More Is Better Than Less

Sunmark Federal Credit Union used crowdsourcing to shop around the redesign of its website. The process saved money and allowed the credit union to review ideas from designers all over the world.


The AT&T It’s Not Complicated commercial campaign is out to prove the service provider’s 4G network is the best in the country. Why? Well, according to the kids featured in the television spots, it’s not complicated: More is better than less. A similar logic prompted Sunmark Federal Credit Union ($400.3M, Latham, NY) to crowdsource the redesign of its website. By posting the project to a crowdsourcing hub for freelancers, the credit union marketing team was able to review 84 design templates submitted by dozens of designers from all over the world. Compared to the two or three options the credit union would have seen if it hired a design shop, it got a significantly higher return from its crowdsourcing strategy. More is better, it’s not complicated.

“When I first came here, we said we need to take the website, overhaul it, and rebuild it from scratch,” says Steve Keator, a new media specialist with Sunmark who joined the institution in the fall of 2011.

More Designs Is Better Than Less …

The decision to crowdsource its website redesign was the result of brainstorming sessions among the marketing team members.

“I thought it was a neat idea that we could go out and get a whole load of designs to pick from without spending too much money,” Keator says.

Sunmark used 99designs, an online design marketplace, to attract freelance designers. The credit union sponsored a design contest in which it listed the project’s requirements along with the institution’s logo and branding elements such as fonts and color schemes. As part of the design proposal, marketing asked for five website templates and designated the pages it wanted to see. During the contest, marketing worked through 99designs to ask designers to make changes or to see more of a design.

“We could see a design come in and may love most of the elements of it but say, ‘hey we see this a certain way,’” Keator says. “For the most part, these designers were really good about [making changes] and getting it back to us with a slight modification.”

The design process took approximately six weeks. During that time, the marketing team held several meetings to decide what direction to go with the new site. Keator and the marketing team started with 84 design templates. In subsequent meetings, they narrowed those down to 10, five, two, and then The One.

The site they eventually chose was from a designer in Guatemala. It’s not too surprising the winner was foreign, though, because the credit union received submissions from all over the world.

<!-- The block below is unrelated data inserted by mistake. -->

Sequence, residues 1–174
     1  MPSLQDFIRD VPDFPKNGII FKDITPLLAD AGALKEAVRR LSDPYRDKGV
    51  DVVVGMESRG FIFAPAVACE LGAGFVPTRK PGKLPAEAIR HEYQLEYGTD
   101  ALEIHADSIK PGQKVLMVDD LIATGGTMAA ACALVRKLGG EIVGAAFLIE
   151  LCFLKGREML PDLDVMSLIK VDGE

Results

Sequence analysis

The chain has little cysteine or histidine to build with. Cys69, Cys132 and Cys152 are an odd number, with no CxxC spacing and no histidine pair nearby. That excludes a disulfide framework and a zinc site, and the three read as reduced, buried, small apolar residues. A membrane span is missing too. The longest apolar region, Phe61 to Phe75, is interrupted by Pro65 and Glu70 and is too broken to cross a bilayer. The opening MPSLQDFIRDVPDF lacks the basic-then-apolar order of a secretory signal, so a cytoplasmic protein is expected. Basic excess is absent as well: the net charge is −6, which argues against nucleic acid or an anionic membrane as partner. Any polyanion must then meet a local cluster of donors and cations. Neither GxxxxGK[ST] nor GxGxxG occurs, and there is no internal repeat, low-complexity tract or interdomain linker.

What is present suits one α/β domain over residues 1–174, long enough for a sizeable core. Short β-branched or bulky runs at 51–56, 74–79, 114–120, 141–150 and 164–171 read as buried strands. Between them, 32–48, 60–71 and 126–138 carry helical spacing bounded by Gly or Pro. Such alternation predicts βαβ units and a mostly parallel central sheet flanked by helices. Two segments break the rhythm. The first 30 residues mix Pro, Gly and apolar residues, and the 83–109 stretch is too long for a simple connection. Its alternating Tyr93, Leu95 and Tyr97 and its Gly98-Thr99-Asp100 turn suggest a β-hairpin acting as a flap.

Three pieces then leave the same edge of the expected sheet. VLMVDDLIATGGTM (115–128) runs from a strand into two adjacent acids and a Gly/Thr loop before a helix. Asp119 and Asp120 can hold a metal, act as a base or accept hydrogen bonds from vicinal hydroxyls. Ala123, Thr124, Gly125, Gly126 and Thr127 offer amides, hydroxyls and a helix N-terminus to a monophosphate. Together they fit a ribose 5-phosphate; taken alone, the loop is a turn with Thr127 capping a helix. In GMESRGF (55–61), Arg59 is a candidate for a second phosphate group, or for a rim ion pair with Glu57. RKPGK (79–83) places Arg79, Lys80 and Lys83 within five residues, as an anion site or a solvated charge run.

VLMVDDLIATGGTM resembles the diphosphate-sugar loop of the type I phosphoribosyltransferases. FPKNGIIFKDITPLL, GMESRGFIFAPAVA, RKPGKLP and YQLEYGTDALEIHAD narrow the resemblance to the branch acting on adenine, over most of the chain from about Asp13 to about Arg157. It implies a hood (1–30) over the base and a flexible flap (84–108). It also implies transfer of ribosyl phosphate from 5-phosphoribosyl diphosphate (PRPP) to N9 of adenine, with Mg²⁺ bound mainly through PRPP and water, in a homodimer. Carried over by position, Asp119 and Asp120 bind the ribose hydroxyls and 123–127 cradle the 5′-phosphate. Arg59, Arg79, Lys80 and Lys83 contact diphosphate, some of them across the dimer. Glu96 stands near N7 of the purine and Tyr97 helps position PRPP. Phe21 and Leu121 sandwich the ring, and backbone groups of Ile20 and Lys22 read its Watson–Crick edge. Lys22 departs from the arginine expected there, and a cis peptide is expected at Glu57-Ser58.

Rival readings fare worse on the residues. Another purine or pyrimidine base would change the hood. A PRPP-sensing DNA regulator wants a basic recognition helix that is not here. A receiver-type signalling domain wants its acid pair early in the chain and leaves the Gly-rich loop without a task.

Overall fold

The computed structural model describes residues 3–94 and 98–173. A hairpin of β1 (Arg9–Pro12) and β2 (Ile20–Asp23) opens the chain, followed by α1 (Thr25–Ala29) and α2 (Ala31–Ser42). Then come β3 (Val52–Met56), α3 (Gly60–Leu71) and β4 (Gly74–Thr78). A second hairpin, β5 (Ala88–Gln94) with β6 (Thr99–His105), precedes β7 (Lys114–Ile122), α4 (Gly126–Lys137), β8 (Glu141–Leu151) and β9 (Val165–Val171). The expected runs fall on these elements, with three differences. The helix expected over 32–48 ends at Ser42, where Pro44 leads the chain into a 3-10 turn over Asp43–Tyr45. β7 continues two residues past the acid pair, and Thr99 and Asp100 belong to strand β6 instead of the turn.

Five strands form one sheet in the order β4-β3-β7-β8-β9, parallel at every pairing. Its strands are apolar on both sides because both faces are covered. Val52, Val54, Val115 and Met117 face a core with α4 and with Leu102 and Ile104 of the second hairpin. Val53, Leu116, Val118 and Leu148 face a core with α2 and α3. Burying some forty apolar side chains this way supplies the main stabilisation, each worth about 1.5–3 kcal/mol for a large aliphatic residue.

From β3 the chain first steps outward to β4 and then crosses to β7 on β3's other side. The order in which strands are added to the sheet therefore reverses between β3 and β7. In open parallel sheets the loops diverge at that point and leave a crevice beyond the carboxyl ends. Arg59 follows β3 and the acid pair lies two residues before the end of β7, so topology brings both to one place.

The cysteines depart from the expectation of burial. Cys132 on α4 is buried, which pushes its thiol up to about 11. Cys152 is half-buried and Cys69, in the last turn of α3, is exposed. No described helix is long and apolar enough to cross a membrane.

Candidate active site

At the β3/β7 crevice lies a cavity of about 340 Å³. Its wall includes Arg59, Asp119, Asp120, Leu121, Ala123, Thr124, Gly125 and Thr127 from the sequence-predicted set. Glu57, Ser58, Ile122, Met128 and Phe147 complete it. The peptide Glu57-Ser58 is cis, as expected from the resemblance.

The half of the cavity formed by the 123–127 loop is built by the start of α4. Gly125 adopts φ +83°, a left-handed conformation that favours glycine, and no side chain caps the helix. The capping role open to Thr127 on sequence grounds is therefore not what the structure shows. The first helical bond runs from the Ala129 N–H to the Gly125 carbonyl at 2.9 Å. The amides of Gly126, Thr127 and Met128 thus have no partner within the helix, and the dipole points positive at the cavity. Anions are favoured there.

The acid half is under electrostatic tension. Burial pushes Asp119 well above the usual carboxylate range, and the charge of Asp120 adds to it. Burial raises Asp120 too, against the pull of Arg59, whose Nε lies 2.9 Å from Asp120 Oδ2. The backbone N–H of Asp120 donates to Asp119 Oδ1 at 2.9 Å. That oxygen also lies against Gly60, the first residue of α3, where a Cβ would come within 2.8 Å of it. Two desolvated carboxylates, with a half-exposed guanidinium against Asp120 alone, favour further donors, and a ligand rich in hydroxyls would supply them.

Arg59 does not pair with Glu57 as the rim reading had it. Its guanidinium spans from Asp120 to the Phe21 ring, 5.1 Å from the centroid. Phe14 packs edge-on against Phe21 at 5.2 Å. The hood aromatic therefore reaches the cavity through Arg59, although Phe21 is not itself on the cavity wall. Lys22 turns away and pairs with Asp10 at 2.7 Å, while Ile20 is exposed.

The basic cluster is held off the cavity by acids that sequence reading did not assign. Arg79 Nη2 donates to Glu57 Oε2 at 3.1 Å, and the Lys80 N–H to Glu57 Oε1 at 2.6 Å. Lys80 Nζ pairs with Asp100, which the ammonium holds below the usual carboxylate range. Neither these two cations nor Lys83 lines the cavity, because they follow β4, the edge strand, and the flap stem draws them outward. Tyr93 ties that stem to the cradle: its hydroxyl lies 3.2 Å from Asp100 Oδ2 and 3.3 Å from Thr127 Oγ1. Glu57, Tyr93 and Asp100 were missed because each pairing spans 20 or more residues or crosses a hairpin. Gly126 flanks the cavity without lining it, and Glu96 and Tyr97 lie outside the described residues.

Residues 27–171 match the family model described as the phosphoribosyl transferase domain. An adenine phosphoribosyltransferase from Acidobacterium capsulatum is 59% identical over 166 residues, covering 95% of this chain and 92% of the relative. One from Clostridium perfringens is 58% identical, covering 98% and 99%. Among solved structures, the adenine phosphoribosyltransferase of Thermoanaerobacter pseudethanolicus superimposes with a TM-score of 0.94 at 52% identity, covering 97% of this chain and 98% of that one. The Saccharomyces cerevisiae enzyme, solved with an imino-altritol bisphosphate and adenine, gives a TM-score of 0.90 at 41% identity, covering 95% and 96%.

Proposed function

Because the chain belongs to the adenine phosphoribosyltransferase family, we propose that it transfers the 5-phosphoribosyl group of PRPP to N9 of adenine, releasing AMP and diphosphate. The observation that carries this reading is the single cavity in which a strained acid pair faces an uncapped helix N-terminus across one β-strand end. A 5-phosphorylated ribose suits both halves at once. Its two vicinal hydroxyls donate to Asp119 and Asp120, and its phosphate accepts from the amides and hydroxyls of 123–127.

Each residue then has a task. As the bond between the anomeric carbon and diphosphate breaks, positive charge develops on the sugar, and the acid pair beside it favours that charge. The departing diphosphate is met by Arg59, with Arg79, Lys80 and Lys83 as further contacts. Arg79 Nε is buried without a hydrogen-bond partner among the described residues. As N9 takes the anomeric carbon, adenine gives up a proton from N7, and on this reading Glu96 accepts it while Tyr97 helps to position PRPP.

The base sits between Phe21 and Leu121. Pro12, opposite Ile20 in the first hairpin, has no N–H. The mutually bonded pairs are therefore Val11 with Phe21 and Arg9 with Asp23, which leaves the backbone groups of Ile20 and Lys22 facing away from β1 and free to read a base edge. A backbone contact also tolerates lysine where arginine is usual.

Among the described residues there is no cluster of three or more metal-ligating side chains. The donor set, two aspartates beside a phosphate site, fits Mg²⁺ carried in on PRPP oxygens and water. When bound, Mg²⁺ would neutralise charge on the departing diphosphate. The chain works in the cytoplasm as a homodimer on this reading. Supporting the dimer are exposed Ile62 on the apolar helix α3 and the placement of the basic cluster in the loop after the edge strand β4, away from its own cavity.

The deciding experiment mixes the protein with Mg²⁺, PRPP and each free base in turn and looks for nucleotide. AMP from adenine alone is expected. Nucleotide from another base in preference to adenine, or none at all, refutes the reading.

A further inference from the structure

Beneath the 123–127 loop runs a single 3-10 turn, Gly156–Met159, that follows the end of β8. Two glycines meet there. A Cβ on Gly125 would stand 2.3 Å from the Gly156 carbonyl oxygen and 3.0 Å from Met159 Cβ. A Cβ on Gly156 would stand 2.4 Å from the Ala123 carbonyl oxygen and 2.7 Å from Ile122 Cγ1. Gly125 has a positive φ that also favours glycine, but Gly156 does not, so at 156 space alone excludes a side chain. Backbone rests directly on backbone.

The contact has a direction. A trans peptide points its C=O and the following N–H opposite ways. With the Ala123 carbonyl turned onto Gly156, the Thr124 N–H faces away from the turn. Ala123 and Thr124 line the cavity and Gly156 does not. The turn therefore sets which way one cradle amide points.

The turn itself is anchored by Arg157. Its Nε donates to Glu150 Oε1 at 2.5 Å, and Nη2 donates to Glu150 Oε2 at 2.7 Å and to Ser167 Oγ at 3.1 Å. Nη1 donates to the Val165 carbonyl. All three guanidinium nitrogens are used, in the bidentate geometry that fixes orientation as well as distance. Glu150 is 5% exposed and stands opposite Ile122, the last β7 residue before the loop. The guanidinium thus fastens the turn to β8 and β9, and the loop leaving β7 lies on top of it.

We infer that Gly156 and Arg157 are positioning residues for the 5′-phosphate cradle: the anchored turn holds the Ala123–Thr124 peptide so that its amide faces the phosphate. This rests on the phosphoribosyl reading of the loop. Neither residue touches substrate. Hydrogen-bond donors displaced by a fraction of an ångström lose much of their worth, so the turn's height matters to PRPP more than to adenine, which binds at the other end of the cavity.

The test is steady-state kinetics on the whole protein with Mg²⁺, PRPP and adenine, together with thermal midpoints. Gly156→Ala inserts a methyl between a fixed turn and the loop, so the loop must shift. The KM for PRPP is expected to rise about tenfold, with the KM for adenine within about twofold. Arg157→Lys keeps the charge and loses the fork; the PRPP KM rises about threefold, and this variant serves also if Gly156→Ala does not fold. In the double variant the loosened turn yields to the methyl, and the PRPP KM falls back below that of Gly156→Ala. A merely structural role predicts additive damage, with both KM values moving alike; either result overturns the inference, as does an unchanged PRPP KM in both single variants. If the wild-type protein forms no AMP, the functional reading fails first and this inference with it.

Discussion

“The language barrier was one of the biggest struggles of this process,” Keator says. “You get people from all over the world. Some of them don’t speak English very well; sometimes they wouldn’t know what I was talking about. It did make it a little bit of a struggle. I think in the end it worked out very well, but it’s possible we could have seen some better designs if that language barrier wasn’t in place.”

… But Less Time And Money Is Better Than More

Despite communication hurdles, the number and quality of submitted designs and the cost savings are enough to tip the scale in favor of crowdsourcing.

“We definitely saved money over doing this with a local design house,” Keator says. “But not only did we save money, we got so many different options to choose from. Normally you go into a design house and they’re going to come back with a design or two depending on the amount of money you pay. With this, we saw 84 different designs.”

The fee the credit union paid 99designs covered not only the reward for the winner but also the costs associated with sponsoring the contest. According to Keator, crowdsourcing saved the credit union anywhere from a few thousand dollars up to $10,000. However, just because the credit union crowdsourced the design doesn’t mean it didn’t put plenty of its own work into the project. The marketing team spent time managing the project, collecting materials, and communicating with designers.

“The most important thing I learned is when you’re working on these types of projects, you definitely need to allot a decent amount of time to make sure you get it done right,” Keator says.

That being said, he is confident the site — which launched in beta in February 2013 — will be a success. And for future design projects, the credit union might again turn to crowdsourcing.

The New needed a facelift and a smoother interface both for users on the front end as well as for site maintenance and content posting on the back end. Part of the Sunmark brand is Be Happy, Look For The Sun. For site visitors, the aesthetic design of the new website reflects that sentiment through vibrant imagery and bright colors. For site coordinators, a content management system simplifies the technical skills needed to post content. No more hard coding. And with automatic rate updates, members can rest assured that what they see on the site will be what they get when they contact the credit union.


The Sunmark website before (L) and after (R) the redesign.